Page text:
Pottery provides the most significant source of information on the evolution of ancient Greek art as large amounts of sculpture and paintings have not survived. The pottery tradition in ancient Greece lasted from 7000 B.C. to 30 B.C.
Ancient Greek pottery began with very little design but evolved through geometric patterns, to depictions of mythology and daily life, to ornamental designs painted in many colours. Black-figure pottery is characterised by black foregrounds and red backgrounds, and red-figure pottery is the opposite.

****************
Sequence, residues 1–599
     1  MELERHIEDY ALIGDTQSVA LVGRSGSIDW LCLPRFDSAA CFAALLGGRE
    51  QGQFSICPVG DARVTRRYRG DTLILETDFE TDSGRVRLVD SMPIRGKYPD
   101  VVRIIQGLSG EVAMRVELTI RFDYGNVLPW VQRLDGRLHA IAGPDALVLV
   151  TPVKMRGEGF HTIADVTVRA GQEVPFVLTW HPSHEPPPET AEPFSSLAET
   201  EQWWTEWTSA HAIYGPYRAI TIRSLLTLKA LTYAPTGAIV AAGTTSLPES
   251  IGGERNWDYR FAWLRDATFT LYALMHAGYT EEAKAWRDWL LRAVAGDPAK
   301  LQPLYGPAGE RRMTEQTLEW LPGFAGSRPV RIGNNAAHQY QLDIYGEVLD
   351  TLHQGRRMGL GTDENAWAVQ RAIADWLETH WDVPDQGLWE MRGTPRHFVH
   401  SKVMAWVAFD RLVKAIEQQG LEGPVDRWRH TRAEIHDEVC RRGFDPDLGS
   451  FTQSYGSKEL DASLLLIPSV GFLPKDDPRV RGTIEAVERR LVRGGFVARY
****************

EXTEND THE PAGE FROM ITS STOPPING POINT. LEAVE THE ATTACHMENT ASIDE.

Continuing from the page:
An abundance of clay was available in ancient Greece, with colours ranging from red to white depending on the region. Red-figure and black-figure pottery were made using a process that blackened parts of the clay through lack of oxygen. After the Minoan period, almost all pottery was made on a wheel.
Uses in Daily Life
Pottery vases, bowls and jugs were created for a wide variety of uses, which also evolved over time. Wine, oil, water, perfumes and cosmetics were stored in pottery vessels. Some were also used for ceremonial, wedding and funerary purposes.